Tech Tools Review: Canon EOS M10
Canon EOS M10 is an entry-level mirrorless system and not intimidating to beginners
The smartphone camera may cover a multitude when it comes to capturing memories, but even the best of them can’t do everything.
Sometimes you need a proper camera, although they have fallen out of fashion in recent years as convenience trumps image quality. Low light, distant subjects and fast-moving objects can present a challenge to your average cameraphone.
But what’s the alternative? Digital SLRs aren’t everyone’s cup of tea – they’re bulky and tough on the pocket. However, the new mirrorless camera systems that manufacturers are bringing out offer a compromise. Not only are they small, light and easy to transport, the image quality is also generally quite good. Removing the mirror makes them fast too.
If you are the type of photographer who knows their f-stops from their exposures and ISO, the mirrorless cameras can offer manual controls in a compact package; if your photography experience is limited to point and shoot, the cameras will do that too.
The Canon EOS M10 is the camera company’s entry-level mirrorless system. It’s simpler than the M3, and is far less intimidating to beginners, but it will still deliver on the image front.
Instead of the manual controls on the top of the camera, the M3 keeps it simple: video, still images and intelligent auto, which will recognise your shooting conditions and change settings accordingly.
There is still the option to choose your settings manually, messing about with shutter speed and ISO to get what you need, but it’s just not as front and centre as the M3.
There’s no electronic viewfinder, with photos framed on the three-inch LCD screen on the back of the camera. That screen flips out 180 degrees so you can get a different view of your subject.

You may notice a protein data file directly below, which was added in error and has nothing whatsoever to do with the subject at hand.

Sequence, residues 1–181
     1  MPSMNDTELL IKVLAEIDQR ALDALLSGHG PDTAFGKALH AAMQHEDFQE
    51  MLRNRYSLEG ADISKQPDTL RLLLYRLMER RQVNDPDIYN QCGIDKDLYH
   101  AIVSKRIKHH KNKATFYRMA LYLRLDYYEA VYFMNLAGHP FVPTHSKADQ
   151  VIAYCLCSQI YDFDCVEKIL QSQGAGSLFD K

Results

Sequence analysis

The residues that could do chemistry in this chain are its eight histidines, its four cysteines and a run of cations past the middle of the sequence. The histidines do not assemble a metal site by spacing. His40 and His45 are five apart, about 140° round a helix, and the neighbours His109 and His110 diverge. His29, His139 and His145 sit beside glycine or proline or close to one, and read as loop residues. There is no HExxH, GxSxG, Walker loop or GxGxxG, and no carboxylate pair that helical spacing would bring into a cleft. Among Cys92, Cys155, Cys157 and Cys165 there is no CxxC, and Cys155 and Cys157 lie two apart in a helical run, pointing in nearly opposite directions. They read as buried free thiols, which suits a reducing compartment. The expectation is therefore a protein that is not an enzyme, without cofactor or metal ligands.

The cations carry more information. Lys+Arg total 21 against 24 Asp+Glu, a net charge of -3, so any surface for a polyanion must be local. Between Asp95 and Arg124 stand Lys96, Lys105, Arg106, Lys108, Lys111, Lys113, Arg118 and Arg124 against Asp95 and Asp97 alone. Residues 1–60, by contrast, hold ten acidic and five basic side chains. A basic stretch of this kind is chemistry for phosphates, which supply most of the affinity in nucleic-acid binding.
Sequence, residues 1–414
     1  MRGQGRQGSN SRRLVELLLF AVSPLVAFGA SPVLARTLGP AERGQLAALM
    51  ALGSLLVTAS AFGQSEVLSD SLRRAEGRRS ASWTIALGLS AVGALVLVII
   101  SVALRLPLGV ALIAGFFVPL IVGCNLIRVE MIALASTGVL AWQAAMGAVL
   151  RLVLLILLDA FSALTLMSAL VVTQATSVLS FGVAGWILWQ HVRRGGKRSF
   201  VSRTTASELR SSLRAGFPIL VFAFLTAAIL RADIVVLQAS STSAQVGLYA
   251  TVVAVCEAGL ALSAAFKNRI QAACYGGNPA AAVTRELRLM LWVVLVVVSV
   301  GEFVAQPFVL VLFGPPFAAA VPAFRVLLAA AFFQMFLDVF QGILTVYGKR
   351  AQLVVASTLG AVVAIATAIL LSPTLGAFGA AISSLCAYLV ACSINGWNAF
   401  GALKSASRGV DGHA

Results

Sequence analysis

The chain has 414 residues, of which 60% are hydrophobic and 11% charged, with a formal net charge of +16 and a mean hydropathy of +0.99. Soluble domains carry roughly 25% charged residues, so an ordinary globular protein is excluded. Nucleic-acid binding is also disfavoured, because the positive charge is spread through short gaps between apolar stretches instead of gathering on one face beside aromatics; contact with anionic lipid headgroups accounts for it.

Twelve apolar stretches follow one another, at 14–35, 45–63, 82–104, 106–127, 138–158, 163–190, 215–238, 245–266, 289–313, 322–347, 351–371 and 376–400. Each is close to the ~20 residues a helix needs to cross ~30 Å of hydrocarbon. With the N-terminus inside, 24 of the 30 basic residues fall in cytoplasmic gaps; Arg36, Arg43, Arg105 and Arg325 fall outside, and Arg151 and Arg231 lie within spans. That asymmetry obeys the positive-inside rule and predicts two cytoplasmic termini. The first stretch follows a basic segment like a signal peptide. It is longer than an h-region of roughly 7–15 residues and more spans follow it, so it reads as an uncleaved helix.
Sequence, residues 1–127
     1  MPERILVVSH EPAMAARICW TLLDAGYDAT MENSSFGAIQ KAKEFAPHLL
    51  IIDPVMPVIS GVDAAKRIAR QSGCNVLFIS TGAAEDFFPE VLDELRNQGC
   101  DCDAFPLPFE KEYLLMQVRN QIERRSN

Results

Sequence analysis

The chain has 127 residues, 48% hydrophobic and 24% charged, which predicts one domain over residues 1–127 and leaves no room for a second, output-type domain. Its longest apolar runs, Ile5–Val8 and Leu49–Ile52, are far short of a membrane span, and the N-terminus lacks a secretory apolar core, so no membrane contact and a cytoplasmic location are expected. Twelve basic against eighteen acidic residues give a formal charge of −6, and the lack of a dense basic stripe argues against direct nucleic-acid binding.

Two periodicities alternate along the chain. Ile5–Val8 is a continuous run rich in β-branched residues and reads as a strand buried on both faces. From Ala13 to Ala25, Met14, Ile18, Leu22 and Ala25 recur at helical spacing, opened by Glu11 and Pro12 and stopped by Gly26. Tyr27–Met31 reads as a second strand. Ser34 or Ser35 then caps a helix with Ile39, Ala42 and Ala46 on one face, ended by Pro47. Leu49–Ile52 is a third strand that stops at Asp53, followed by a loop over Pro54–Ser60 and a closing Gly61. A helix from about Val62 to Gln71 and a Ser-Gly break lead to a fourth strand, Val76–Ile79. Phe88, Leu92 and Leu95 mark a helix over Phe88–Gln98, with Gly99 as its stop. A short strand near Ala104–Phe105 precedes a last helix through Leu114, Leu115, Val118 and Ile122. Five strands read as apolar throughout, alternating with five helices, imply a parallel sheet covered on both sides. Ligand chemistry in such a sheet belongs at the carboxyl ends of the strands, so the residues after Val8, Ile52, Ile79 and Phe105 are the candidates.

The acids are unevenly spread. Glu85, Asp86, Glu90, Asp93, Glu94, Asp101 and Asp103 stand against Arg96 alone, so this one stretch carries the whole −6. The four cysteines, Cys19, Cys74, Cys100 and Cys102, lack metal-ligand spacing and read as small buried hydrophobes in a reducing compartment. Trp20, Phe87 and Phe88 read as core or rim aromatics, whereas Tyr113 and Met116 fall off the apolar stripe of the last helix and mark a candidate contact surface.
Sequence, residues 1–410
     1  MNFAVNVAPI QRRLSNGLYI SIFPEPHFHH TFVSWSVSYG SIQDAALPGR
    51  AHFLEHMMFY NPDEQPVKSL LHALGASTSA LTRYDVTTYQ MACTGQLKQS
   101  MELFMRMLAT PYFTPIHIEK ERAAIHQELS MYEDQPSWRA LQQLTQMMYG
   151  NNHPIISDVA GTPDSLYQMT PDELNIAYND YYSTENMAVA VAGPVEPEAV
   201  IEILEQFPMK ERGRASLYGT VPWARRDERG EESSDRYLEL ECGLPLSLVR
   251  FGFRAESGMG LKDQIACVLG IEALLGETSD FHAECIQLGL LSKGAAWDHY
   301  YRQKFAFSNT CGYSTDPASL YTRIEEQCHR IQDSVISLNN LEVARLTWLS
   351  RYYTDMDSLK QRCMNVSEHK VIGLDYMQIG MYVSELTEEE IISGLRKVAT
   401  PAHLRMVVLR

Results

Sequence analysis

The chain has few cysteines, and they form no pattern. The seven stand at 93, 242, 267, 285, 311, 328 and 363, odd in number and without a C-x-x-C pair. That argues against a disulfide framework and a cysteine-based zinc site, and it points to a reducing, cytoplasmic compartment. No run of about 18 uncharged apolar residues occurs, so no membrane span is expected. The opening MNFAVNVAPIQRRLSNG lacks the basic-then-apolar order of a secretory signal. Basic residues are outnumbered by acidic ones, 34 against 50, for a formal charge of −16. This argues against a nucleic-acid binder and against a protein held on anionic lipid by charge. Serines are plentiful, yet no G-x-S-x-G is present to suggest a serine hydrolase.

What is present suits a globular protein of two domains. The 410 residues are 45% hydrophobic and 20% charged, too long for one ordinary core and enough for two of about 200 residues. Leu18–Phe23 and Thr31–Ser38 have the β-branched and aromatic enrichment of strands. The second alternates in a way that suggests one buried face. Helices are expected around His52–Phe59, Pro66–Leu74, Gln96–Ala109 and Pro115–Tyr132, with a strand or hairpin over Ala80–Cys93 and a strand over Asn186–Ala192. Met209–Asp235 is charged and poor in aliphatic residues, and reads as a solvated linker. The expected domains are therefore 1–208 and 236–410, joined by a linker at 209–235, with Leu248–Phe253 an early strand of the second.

On the resolution front, the M10 has an 18-megapixel sensor, which takes us back to the EOS M released a few years ago. It’s not just a renamed mash-up though; the M10 has an improved autofocus system, with 49 points.
It has a pop-up flash for darker moments, although like many compact camera flashes, it’s not quite the illuminating force a separate flash gun will bring – not that you’d expect it to.
The camera can also be paired with a smartphone to transfer images, or hooked into a wifi network to send them to social media accounts. The process is made even easier if your device supports NFC; the M10 has built-in NFC to set everything up for you.
The goodThe size of M10 means that it can go most places without causing too many difficulties with transport. You don’t need a huge camera bag and heaps of lenses. One lens, and the entire thing fits in your pocket. However, if you need a different perspective, you can easily swap out the lens.
You might want to, considering the kit lens won’t exactly set the world on fire. But, for the odd family shot, it will certainly fit the bill.
The intelligent auto mode means knowledge is not required to get to grips with this camera: just point, shoot and enjoy the fruits of your work.
The not so goodDespite the improvements, the M10 still suffers from some autofocus lag when lighting conditions are tough. It only happened occasionally though, with the camera generally performing as you’d expect.
The price tag may be a bit steep for some, especially if it’s an infrequently used purchase.